But that’s easier said than done. Of course, you want to provide great support to your players, but that can be complex, and costly. According to a European Gaming press release, customer support costs currently make up 50 to 60% of a certain Asian iGaming company Costs of Goods Sold. These costs are particularly high as companies tend to centralize their operations in the few regulated markets and therefore need to import a large number of staff for multilingual customer support teams.
So how do you support your entire player base all day, every day, in every language, in every channel, at a low cost? I’ve discussed this over and over again during Gamescom and in every single conversation, we realized the solution is finding the perfect support agent.
In other words, finding an agent with superpowers.
Grab your superpower
But what should be the profile of these super support agents? After asking around, these were the most common answers:
- Expertise: no one understands gamers better than other gamers. And so, the best person to answer all your customer requests is a person that also plays, or intimately understands, the game. That’s non-negotiable.
- Quality: the solution you provide your players should, for obvious reasons, be correct. Your customer support team must receive proper training and have access to resources, information systems, and internal knowledge bases to have an understanding of what fixes what.
- Speed: the agent must be quick when replying to the request, as efficiency and accuracy alone are not enough. The more time a gamer spends getting answers, the less time a gamer has to play (or the more likely he starts playing something else).
- Multilingual support: the agent must fluently speak different languages so that the conversation can flow and the player be engaged: speaking the player’s native language will make everything so much easier for both.
- Personalization: In the age of bots and mass emailing, the ability to show empathy and care is becoming more and more important. Receiving a personalized reply shows that the brand values you as a customer.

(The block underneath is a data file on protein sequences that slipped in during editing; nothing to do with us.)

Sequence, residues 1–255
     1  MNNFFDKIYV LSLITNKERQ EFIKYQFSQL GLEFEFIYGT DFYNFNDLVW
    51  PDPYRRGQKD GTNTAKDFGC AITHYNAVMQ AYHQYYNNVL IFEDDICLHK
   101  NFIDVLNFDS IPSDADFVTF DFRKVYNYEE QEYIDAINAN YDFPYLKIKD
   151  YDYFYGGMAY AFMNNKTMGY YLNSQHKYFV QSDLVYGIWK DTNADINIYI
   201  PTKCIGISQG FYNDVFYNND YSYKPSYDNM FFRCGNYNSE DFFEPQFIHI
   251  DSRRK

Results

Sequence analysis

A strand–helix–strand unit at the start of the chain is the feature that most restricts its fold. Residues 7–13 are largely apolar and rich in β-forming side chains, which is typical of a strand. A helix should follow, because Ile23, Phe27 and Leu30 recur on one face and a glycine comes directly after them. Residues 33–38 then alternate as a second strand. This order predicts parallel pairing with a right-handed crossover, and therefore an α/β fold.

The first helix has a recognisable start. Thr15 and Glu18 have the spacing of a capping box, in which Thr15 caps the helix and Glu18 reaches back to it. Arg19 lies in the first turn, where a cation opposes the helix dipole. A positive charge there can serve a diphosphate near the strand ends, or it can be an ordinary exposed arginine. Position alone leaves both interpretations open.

To bot or not
Customer support automation is one of the hottest topics being discussed today. Gamescom was no exception. For the three days of the event, there was a lot of talk about how automation could solve support teams’ challenges, and speculation about whether technology will really substitute humans in the future. While many people say it may happen, we know that at least it won’t happen now. Humans are still essential to build efficient operations and are the only ones capable of properly engaging with other humans.
I was glad to hear companies are not willing to replace people with bots, but instead use bots to solve annoying repetitive tasks and leave humans to handle the more complex problems. Those are the ones that build brand loyalty, and the ones we’re really good at.
So, how can we combine those CS metrics, agents with superpowers, and automation in a single solution and solve the current challenges of CX professionals in the gaming industry? Well, that’s why we joined forces with our partners in crime 5CA and Helpshift. Together, we can help you design the ultimate player experience with multilingual support tools and player experience management.
Unlock the next level of customer support in gaming
Just imagine this. Through our AI-powered, human-refined Translation as a Service platform, Unbabel gives multilingual superpowers to your support team agents, which can be hired by their skills and knowledge without any of the language constraints. You leverage Helpshift’s AI wizardry to help bring to life optimized service operations, maximized ROI and improved CSAT. Finally, 5CA brings out the big guns with their outstanding customer support at scale, so you can focus on building the relationship with your players. How does that sound?
It may sound too good to be true, and yet, it’s all up for grabs. But sponsored moment aside, we’d love to hear more about your challenges. How are you looking at these support metrics? How are you tackling your player’s support experience? And perhaps most importantly, how are you keeping your players happy?
Because in the end, it’s not about the algorithms, the graphic rendering, or even about cheat codes that make you obscenely rich. It’s about the people.